"Mickey is the kind of guy who gets a new synthesizer and takes it home to learn every single button and function. He's intense, very scientific and absolutely meticulous about what he wants to synthesize and when," Felix says, laughing without joking. "I'm the complete opposite-I don't want to spend the time learning it. All I want is to write a song to whatever sound comes out."
Mickey Kellerman and Felix Moreno, alongside drummer Darren Heitz, are the driving force behind Future Rock. During their explosive live show, all three members wield synthesizers, live loops and samples-Kellerman on the keys, Moreno on the bass, Heitz on drums-to form an amalgamation of excitement, constructed completely live onstage. The Chicago trio has been perfecting its brand of live-instrument dance music since 2004 and-just like Future Rock's pulsating and escalating anthems-their momentum is about to explode. Their live remixes of Black Moth Super Rainbow and Death from Above 1979 are sweeping proof of Future Rock's remarkable remix skills. But that's not all.
Recorded on July 25, 2009 in their hometown of Chicago, "Live In Wicker Park" captures the raw energy of a performance that packed Milwaukee Avenue, turning rooftops into dance floors and fans into maniacs hanging out of open windows. According to Moreno, the atmosphere and the songs-six of which have never officially been released-are the best representation of Future Rock ever recorded. "Live In Wicker Park" is a 52 minute wall of sound that'll leave listeners wondering how three people create the rhythmic textures that seem to come from a small army, rather than just a trio. The album saunters in with the airy-house of "Understand the Sky" and sprints towards hyperspeed down a rabbit hole for "Pedal Metal"-finding a way to go everywhere in between without losing the band's identity.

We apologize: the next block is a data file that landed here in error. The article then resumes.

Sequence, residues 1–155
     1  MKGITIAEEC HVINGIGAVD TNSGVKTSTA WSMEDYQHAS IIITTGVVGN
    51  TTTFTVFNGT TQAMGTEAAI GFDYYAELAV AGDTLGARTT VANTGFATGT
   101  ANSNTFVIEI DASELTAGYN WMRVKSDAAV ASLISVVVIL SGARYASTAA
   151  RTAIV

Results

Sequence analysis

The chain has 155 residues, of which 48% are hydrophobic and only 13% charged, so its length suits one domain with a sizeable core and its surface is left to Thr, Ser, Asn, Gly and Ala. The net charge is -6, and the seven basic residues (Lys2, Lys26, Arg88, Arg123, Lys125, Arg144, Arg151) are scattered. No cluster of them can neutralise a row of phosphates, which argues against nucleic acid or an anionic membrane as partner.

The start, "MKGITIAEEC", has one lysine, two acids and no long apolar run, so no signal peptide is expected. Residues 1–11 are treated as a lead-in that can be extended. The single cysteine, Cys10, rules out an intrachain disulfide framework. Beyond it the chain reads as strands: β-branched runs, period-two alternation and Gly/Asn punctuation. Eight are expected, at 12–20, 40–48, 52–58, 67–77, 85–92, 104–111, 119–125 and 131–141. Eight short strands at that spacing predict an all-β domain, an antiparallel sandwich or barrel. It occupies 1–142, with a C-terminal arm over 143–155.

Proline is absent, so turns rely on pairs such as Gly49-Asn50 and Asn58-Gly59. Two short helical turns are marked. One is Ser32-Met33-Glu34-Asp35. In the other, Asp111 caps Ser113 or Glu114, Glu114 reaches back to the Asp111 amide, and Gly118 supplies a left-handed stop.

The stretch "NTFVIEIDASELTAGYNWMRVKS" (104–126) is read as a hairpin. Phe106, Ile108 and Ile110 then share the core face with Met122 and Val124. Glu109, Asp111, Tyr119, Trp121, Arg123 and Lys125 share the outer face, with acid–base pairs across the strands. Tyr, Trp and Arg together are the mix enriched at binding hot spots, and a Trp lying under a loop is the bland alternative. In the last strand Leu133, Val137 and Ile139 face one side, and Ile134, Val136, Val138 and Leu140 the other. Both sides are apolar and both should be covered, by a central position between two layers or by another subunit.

Unlike some other electronic bands that also use a foundation of live samples and loops, Future Rock is more concerned with making songs than being progressive sheerly for the sake of it. Melodies trump abstraction and true emotion beats the bizarre. "I'm not a shy bass player, I want you to hear the bass string clank against the fret," Moreno says. "Unlike many electronic musicians, we're not afraid of the major key."
"We're a little strange," Kellerman adds, "we don't fit into any genre."
Kellerman and Moreno met in Chicago during college in the early '00s and soon forged a song-writing partnership. They later met Heitz in downtown, making this trio a truly Windy City affair. Future Rock began their ascent by rocking after-party sets usually reserved for DJ's and soon became the burgeoning festival favorite they are today. Along the way, their LED-heavy light show has become one of the best in the business. Their albums "Sugar Coated Bullets" (2006) and "Gears" (2007), alongside unforgettable live performances and crafty remixes, have garnered Future Rock love from Pitchfork, Time Out Chicago, Stereogum, URB and more.
In addition to a mind-numbing festival schedule, Future Rock will be completing their first studio album in three years. "We're definitely going into the studio to cut and refine our best, rather than searching for the material," Moreno says. And with a proclamation like that, the title of Future Rock might not be so bold.